material, but I did require them to give the reader heads up of what is
a follow up book a possibility for the subsequent years to present?
one, as it was when I was mostly involved, but you never know. If something
happened, that was extraordinary and very news worthy, I probably would.
best of luck with the book.
from Borderland Beat – Chapter – The House of Death
attorney by the name of Fernando Reyes was looking for a way to cross a load of
weed across the border. Lalo can make it happen for him, he knows all the
contacts. Lalo has brought Fernando to this little house in the city of Juarez.
Fernando doesn’t know it yet but he has walked in to a trap. Hiding in one of
the rooms of the house are also two police officers from the state police of
but they are here to kill him.
to Lalo, one of the police officers comes out of one of the rooms and puts the
barrel of a gun to his face. Fernando pleads for his life, he knows he is in
trouble. They decide not using the gun, it’s too loud, they can’t take any
in a middle-class neighborhood and people will call the police here if they
hear gunshots. Fernando screams in panic. They tape his mouth shut in attempts
to stifle the loud screams. Fernando fights back, kicking and swinging his arm,
so they take him down to the floor. But it’s not easy, Fernando is fighting for
his life. Lalo helps to restrain Fernando while one of the officers wraps an
extension chords around the neck of Fernando. Fernando knows his death is
certain but continues to fight. He does not want to die like this, but is
futile, he finally lays motionless as his life is snuffed from him.
$2,000 for killing a suspected drug trafficker known as “Fernando.”
they have his dope. Santillan (a top lieutenant in the powerful Juarez cartel
organization) congratulates Lalo, he tells him that Vicente Carrillo Fuentes
will be happy.”
Chapter – The Encounter with the Drunk Sicarios
it was starting to get late and we were not sure how far we were from Urique.
As we came around a bend and started to climb a hill, I could see a large white
truck coming down the hill. I could see several Indian men on the back of the
truck. There was a narrow gap between some trees just enough for the truck to
fit. Everest managed to cross the gap before the truck made it through. He sped
up the hill and I had to wait for the truck to make it through the gap so I
could get through.
in the middle of the gap blocking my path.
inside the cab of the truck. Suddenly the driver got out and I could see he was
wearing a military jacket with blue pants. He was carrying an assault rifle,
bit. I knew this was extremely dangerous. We were deep in the vast empty
mountains and the whole scene was not right. I started to look around me,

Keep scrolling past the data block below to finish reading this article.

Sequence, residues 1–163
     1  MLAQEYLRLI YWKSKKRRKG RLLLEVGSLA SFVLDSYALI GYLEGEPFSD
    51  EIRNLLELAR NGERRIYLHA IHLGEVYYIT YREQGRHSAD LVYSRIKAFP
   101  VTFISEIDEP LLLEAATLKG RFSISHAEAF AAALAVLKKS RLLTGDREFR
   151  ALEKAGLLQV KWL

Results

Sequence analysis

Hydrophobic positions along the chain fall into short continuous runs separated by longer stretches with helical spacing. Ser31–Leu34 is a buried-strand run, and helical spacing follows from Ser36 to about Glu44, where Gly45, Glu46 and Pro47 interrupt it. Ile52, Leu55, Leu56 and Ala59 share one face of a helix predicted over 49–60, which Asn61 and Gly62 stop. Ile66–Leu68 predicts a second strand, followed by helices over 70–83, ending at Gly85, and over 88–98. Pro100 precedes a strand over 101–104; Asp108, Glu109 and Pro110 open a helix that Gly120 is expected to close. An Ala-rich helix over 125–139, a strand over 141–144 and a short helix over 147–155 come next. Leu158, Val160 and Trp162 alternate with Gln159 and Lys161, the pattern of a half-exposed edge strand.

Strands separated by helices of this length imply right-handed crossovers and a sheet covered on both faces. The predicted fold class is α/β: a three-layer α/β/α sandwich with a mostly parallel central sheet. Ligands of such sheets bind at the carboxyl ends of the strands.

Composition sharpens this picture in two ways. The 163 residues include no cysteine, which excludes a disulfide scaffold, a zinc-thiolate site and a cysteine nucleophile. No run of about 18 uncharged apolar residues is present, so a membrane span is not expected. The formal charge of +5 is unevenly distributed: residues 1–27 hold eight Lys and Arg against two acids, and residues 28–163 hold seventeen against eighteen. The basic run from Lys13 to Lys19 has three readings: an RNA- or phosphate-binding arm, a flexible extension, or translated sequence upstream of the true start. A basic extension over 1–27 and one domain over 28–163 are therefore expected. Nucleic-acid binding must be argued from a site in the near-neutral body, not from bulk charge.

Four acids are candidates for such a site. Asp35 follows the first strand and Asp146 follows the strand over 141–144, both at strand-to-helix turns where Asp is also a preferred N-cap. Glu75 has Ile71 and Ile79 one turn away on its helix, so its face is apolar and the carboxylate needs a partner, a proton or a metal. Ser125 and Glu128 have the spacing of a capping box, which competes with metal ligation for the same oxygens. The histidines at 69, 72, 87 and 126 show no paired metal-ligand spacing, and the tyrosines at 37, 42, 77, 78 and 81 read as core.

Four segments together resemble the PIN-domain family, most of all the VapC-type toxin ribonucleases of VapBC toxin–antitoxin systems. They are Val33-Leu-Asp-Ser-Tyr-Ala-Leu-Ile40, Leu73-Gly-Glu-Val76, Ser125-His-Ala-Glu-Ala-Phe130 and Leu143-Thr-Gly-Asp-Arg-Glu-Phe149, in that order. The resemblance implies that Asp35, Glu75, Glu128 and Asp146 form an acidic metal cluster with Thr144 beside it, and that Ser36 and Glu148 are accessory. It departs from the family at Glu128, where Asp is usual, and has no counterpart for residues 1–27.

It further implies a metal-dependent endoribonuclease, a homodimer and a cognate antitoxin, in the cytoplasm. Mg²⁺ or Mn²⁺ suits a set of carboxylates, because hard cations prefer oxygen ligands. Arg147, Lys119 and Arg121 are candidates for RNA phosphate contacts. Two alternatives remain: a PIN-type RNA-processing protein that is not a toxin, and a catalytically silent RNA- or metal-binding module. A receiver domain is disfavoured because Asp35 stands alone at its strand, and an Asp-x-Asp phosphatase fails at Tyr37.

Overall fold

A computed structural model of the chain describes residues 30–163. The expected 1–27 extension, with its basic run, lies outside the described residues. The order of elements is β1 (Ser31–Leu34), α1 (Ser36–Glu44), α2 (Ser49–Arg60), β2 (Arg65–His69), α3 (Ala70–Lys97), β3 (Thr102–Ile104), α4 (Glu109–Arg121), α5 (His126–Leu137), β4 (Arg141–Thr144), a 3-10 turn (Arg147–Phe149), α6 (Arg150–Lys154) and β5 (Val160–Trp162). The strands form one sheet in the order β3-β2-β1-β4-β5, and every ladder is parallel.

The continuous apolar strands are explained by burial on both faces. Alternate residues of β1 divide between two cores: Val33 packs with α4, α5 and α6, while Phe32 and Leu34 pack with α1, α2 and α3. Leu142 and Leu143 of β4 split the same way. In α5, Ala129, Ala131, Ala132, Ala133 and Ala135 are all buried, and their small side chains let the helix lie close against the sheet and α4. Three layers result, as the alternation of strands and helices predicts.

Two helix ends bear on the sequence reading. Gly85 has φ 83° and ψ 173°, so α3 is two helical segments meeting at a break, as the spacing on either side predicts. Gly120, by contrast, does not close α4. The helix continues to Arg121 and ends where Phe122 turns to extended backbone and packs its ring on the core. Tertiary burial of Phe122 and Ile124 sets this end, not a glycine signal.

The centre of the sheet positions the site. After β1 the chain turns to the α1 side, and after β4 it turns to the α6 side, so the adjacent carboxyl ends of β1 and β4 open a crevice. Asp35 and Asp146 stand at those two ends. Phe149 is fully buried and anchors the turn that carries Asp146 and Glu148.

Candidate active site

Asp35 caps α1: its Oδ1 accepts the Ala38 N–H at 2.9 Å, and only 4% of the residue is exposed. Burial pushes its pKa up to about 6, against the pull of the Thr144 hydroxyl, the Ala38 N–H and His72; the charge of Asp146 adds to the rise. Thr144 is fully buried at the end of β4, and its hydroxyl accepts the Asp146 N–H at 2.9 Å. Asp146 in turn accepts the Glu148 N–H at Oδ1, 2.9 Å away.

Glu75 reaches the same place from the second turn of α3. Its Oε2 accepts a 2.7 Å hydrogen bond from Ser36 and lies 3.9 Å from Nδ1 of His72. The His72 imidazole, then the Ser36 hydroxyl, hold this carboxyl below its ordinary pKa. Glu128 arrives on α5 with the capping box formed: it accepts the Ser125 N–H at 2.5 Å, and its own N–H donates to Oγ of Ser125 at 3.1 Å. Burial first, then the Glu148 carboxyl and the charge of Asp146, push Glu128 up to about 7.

looking for options.
turn around fast, but he was moving too fast toward me. I then saw that the
passenger had also exited his truck and he also was armed with an assault
rifle. I became afraid of what they might do and for a second, I thought of
ditching my bike and running as fast as I could, but I knew I didn’t have time
to do anything.
Everest was reaching the top of the hill kicking dust in the distance.
“stop, don’t panic, think.” I focused my attention on the two men
quickly approaching me, trying to see signs or red flags. The driver had his
trigger finger extended on his weapon while the passenger had his finger
resting on the trigger of his weapon. As the driver got closer, I could see the
hat he was wearing said “Urique police.” Out here that did not mean shit.
Most municipal police are actively colluding with organize crime.
killed here on the spot.
Beat – Chapter “The Execution of two Chapos.”
finished talking, it’s time to pay the piper. Both men then appeared frozen in
time, staring in to the distance, as if in a trance, living but already dead.
Perhaps they were heavily drugged so they didn’t kick and scream during the
brutal nightmare. Fear itself will not numb anyone enough to face this level of
evil directly in the eye. Even the sound of the chainsaw does not break their
The uncle is first; he
grimaces as the chainsaw spews blood, flesh and bone, as it tears through his
throat, separating his head from his body. The chainsaw accidentally cuts the
arm of the nephew sitting right next to the uncle during the violent massacre,
but he doesn’t flinch.
young nephew, is decapitated with a knife, and while the knife is cutting
through his throat, he makes a last attempt to scream out, but his vocal chords
have been severed, and all one can hear is a faint whimpering sound, the last
breath of a man that was way too young to die.
gurgling sounds coming out of his perforated wind pipe, followed by the
grinding sounds as the knife breaks through the spinal cord, finally frees his
head from his body, ending the most repulsive, heinous and gruesome act witness
In a normal world one
would say, wake up it’s only a nightmare, but this is real, repeating itself
every day somewhere in old Mexico.”
purchase the book click on the book cover at right